Insights From The CMT Of Xerox, An $18B Firm
Insights From The CMT Of Xerox, An $18B Firm
Duane Schulz, Chief Marketing Technologist at Xerox, is one of the true pioneers of this hybrid profession. Duane has forged a number of great marketing technology management practices at Xerox, a highly-distributed $18 billion company with over 100,000 employees worldwide — no small feat.
I’m delighted that Duane graciously agreed to share his experience with us here in a Q&A.
1. Tell us a bit a about your background — what did your career path look like?
I started as a medium-company IT manager, which helped me get immersed in system design/thinking, coding, operations, and applying technology to deliver business impact. That eventually brought me to Hewlett-Packard and then Apple, where I became a product strategy and management leader, facilitating seminal market disruptions like HP’s DeskJet and early digital photography — the growth hacking of the 80s.
I joined Xerox through an acquisition after two startups and led a new ventures practice, eventually taking roles leading digital, social and marketing operations. As we matured our digital and marketing operations practices, the need to tackle marketing technology as a focused executive priority became clear.
2. What’s your current role at Xerox? What does that entail?
I’m our chief marketing technologist (CMT), and am also responsible for our digital, social, and content marketing team and global brand practice.
In the CMT role, I’m responsible for developing our strategy for using marketing technology platforms to materially impact our business performance, while at the same time developing strong competencies that progress our global marketing practice, ensuring that our marketing community are solid contemporary marketers.
One critical distinction about our CMT practice is that I’m a solo executive practitioner in that role and don’t manage the operations of the platforms involved — aside from my digital responsibilities — so I can be an impartial consultant, evangelist, advisor, and teacher.
3. How do marketing and IT work together at Xerox? Where do responsibilities split? How has that changed over time, and what role do you, as chief marketing technologist, play in bridging these two organizations?
Marketing and IT work closely on our marketing stack and how it integrates into our IT strategy and core architecture, and this relationship is a primary element of my charter. We have worked hard in the last couple of years to build stronger ties with our IT organization — and made good progress clarifying and understanding our respective value-add in the mission.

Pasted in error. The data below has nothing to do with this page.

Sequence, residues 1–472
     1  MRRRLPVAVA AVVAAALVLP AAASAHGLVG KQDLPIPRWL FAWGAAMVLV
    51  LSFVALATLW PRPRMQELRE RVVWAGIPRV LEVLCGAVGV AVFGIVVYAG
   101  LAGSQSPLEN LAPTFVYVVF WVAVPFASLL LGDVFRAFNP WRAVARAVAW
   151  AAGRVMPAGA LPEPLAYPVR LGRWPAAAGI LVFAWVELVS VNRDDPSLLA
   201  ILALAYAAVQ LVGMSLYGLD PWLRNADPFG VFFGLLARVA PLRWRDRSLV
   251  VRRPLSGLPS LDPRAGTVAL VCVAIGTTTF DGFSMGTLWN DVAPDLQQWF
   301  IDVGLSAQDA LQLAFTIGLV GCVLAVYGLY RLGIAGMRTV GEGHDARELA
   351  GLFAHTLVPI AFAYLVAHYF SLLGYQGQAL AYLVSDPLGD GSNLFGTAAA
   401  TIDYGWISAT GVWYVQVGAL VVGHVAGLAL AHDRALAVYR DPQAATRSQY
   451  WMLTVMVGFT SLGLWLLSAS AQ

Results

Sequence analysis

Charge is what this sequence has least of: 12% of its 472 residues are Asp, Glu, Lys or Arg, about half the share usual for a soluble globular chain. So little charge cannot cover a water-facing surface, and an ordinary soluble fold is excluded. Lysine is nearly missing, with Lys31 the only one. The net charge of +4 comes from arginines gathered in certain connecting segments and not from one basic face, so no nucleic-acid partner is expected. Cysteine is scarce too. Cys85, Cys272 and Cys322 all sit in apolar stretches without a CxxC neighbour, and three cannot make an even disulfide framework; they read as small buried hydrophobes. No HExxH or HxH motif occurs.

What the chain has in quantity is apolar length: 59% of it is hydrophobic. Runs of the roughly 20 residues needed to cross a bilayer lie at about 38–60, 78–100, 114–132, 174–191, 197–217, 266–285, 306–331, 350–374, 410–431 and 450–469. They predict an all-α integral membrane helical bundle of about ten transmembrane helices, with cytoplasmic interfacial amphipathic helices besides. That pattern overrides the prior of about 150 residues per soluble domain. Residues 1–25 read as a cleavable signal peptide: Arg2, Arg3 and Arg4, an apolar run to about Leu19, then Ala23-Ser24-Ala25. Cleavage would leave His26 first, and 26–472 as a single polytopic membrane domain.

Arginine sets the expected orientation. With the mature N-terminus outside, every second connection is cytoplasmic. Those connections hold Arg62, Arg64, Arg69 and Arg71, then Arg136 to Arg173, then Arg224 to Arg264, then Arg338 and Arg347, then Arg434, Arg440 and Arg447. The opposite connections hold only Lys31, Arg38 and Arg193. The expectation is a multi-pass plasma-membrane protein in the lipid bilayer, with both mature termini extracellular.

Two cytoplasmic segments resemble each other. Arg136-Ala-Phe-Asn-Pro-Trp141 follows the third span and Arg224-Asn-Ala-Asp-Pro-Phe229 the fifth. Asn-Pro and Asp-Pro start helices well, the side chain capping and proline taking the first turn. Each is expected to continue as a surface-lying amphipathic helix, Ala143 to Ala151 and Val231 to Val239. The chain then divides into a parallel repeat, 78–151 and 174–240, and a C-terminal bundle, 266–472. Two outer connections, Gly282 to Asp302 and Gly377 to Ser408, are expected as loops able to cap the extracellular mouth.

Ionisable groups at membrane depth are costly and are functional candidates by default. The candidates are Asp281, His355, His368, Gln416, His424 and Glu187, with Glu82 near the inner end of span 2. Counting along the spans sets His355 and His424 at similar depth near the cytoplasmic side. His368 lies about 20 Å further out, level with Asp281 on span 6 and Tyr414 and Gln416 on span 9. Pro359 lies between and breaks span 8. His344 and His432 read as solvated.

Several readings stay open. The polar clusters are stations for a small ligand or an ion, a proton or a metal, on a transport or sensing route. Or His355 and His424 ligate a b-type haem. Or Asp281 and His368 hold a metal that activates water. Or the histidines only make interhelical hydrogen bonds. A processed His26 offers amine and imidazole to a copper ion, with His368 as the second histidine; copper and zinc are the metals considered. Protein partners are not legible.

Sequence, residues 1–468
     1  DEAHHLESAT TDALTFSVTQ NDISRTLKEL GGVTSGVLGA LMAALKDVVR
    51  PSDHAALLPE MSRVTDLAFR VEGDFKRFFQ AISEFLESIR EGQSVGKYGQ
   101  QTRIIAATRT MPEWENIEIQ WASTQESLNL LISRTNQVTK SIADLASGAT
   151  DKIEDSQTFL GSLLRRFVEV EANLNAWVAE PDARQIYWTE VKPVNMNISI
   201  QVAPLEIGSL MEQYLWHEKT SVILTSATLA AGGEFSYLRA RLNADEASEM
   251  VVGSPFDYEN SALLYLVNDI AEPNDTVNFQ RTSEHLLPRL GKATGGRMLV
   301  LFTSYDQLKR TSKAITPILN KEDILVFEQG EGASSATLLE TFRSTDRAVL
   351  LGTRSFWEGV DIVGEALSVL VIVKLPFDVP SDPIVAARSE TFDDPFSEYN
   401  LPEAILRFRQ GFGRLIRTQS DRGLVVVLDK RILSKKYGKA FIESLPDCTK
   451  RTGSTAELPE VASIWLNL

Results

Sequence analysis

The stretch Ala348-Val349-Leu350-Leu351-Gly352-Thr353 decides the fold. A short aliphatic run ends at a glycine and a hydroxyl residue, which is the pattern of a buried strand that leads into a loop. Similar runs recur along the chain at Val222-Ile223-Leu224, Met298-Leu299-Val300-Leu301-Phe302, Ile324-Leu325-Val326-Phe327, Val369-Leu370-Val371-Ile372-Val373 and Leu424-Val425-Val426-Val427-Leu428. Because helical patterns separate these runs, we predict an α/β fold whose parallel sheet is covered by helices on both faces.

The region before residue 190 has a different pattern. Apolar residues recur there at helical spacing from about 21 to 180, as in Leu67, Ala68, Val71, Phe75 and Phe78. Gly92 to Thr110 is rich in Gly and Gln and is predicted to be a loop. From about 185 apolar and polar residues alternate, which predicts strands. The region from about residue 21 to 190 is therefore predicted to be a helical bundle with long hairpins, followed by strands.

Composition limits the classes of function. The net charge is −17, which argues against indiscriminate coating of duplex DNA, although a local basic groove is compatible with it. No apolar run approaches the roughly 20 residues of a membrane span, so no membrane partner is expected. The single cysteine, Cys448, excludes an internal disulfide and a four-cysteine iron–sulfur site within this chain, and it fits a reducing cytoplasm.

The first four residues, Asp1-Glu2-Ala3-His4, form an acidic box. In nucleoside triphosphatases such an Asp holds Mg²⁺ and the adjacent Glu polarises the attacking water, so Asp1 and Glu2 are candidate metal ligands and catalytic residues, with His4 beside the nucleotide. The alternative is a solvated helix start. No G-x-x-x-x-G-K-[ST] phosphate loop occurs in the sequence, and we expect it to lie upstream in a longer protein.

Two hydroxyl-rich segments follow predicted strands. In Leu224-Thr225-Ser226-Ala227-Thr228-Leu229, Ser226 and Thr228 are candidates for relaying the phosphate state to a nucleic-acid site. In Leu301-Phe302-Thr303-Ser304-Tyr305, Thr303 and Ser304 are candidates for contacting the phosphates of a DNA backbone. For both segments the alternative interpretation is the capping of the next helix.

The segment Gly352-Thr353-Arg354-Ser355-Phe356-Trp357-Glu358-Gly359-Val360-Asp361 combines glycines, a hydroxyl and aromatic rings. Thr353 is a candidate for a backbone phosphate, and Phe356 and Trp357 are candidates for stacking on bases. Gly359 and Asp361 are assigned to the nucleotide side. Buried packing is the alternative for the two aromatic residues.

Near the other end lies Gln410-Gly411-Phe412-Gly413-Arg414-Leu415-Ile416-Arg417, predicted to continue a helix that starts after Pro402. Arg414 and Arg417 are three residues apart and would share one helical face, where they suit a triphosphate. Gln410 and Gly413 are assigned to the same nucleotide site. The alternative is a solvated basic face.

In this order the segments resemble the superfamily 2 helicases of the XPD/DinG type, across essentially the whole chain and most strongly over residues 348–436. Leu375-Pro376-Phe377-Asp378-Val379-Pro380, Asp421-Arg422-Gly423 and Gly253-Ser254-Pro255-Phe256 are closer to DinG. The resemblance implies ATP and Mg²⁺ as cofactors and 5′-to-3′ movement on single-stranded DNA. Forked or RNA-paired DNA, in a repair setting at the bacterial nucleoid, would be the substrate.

“Marketing and IT work closely on our marketing stack and how it integrates into our IT strategy and core architecture, and this relationship is a primary element of my charter.”
In general, most of our marketing technology applications are operated by marketing groups and our businesses. When we get into transactional apps, data management, e-commerce, sales, back-end systems and integration of marketing apps with those systems — and of course privacy and security — IT leads the charge and owns the space.
In many ways, a CMT is a marketing-based IT strategist, and I can’t do that without close relations with IT and trust between us. My background in IT, code, app design and infrastructure helps bridge our respective points of view.
It’s vital that we marketers aren’t just charging off with rogue actions and creating messes that our IT partners eventually need to clean up. And IT needs to be comfortable with business-led applications as a new modality as well. There’s natural tension between these dynamics across the industry, and developing collaborative relationships is key. I really appreciate my partners in IT.
4. As a global, multi-business company, how does Xerox balance the trade-offs between centralization and more distributed leadership in marketing, particularly with regard to marketing technology?
We operate a distributed business model, with marketing teams in our many lines of business in document technology and services and business process services. That said, we have a strong cadre of centralized shared marketing services directly reporting to our CMO John Kennedy — paid media, communications, experiential, brand, digital, and an emerging demand and sales enablement center.